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Nova Scotia to strip private utility of control over power grid access, appoints new energy regulator

By Electricity Today

In a significant overhaul of its energy management system, Nova Scotia is set to remove the private utility's control over access to the power grid. This move, announced by Natural Resources Minister Tory Rushton, comes in the wake of recommendations from the Clean Electricity Task Force. The aim is to foster a more competitive energy landscape and expedite the province's transition to renewable energy sources, with a specific goal to eliminate coal usage by 2030.

The transformation involves the establishment of two new entities: an independent operator for energy system planning and an independent energy regulator. This strategic pivot is encapsulated in the proposed Energy Modernization Act, which Minister Rushton plans to introduce in the forthcoming legislative session. The reorganization signals a decisive step towards meeting Nova Scotia's ambitious environmental and energy targets.

Nova Scotia Power, the current private entity managing the grid, will see its role significantly modified but will remain operational. The control over grid access will transition to an independent system operator. This change is designed to invigorate the market, especially crucial for reducing the province's reliance on coal, which presently accounts for about half of Nova Scotia's electricity generation.

Additionally, the existing Utility and Review Board will undergo a transformation, being renamed the Nova Scotia Regulatory and Appeals Board. This body will shift its focus away from energy-related matters, with its previous responsibilities now falling under the purview of the newly formed Nova Scotia Energy Board. This entity will oversee various sectors including electricity, natural gas, pipelines, regulation enforcement, and retail gasoline operations.

The recommendations stem from the work of the Clean Electricity Task Force, led by Alison Scott, a former deputy energy minister, and John MacIsaac, a former executive at Nalcor Energy. Tasked in April 2023, the group was charged with assessing the needs of the province's electrical system to align with Nova Scotia's environmental objectives. Minister Rushton has praised the task force's report for providing a "clear pathway" to achieving the 2030 renewable energy goals and beyond.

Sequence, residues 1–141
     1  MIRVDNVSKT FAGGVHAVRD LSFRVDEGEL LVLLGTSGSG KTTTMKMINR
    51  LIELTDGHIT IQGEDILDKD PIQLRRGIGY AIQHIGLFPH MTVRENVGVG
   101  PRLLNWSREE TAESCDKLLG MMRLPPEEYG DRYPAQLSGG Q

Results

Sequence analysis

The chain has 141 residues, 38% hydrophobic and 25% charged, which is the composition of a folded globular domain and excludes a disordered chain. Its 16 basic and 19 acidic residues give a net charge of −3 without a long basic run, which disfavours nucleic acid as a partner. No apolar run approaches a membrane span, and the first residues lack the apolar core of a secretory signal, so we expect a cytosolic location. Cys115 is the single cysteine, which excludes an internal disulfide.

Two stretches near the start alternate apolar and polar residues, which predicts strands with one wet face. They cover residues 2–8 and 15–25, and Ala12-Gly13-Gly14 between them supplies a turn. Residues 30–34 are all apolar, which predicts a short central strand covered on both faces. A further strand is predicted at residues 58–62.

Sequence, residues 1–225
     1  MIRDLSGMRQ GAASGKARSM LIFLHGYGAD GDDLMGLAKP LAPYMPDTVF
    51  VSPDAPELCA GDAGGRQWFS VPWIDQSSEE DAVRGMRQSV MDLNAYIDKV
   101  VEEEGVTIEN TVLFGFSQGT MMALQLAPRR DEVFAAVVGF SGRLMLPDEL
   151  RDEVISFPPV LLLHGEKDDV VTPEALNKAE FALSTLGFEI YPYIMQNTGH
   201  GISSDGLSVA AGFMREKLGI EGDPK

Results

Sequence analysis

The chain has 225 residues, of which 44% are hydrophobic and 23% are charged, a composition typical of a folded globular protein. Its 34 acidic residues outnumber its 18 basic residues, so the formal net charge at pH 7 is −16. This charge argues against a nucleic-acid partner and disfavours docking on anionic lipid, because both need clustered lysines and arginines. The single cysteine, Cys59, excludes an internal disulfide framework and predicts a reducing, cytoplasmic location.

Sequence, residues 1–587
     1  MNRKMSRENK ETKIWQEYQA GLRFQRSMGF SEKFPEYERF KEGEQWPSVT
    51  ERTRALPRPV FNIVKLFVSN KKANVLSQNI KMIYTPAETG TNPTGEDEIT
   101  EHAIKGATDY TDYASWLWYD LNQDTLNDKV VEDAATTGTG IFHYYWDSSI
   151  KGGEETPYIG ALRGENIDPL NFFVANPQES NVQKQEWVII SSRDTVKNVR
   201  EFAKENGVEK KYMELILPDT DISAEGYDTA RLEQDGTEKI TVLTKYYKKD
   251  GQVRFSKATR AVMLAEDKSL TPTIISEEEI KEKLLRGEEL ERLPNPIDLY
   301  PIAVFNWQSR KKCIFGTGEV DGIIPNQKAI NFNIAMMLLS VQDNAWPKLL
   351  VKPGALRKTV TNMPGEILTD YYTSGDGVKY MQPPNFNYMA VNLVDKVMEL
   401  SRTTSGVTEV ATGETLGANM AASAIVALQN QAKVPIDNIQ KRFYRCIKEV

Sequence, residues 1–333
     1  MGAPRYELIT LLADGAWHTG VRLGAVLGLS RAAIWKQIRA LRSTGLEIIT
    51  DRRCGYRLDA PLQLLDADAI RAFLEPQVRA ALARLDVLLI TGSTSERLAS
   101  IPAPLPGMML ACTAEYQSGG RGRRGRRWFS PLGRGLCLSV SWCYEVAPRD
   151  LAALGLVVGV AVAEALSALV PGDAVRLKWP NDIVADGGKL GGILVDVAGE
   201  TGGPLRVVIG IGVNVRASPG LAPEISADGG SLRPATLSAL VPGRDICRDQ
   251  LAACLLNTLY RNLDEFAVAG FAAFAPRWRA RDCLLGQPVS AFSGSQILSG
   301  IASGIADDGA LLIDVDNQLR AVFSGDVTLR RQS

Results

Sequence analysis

Implementing these changes is expected to take between 18 months and two years, with assurances from Minister Rushton that the transition will not result in job losses. Employees currently working for Nova Scotia Power or the Utility and Review Board will be offered equivalent positions within the new structure.

The task force's report emphasizes the benefits of shifting decision-making to an independent system operator, thereby boosting consumer confidence and ensuring decisions are made at arm's length from corporate interests. The report also highlights the limitations of the current Utility and Review Board, whose broad mandate is seen as a barrier to effectively managing the energy transition. It points to other Canadian provinces, such as Alberta, Ontario, and Quebec, which have adopted independent energy regulators.

Nova Scotia Power's president, Peter Gregg, has expressed support for these recommendations, viewing them as constructive steps towards the province's renewable energy future. He emphasized the importance of an independent regulator in advancing critical energy projects and the role of a new system operator in focusing on delivering reliable service and essential projects, such as grid-scale batteries and new interconnections with neighboring regions.

The report from the task force includes a total of 12 recommendations, among them the requirement for Nova Scotia Power to submit an annual asset management plan for regulatory approval and to produce dedicated reports on vegetation and wood pole management. It also suggests the government explore energy subsidy programs similar to those in Ontario to devise Nova Scotia-specific measures for residential electricity cost relief and to invest in upgrading the existing transmission grid infrastructure.

The projected costs for enhancing the transmission infrastructure, as estimated by engineering consultancy Stantec, are significant, with figures around $270 million for central and eastern Nova Scotia and $664 million for the western part of the province. Despite these financial considerations, the task force believes the long-term savings and benefits from switching to renewable energy sources, such as wind power, will outweigh the initial investments required to modernize the grid.

This comprehensive overhaul of Nova Scotia's energy system marks a pivotal moment in the province's journey towards a sustainable and clean energy future. By prioritizing independence, transparency, and innovation in its energy strategy, Nova Scotia sets a precedent for other regions aiming to transition away from fossil fuels and towards a greener, more resilient power infrastructure.

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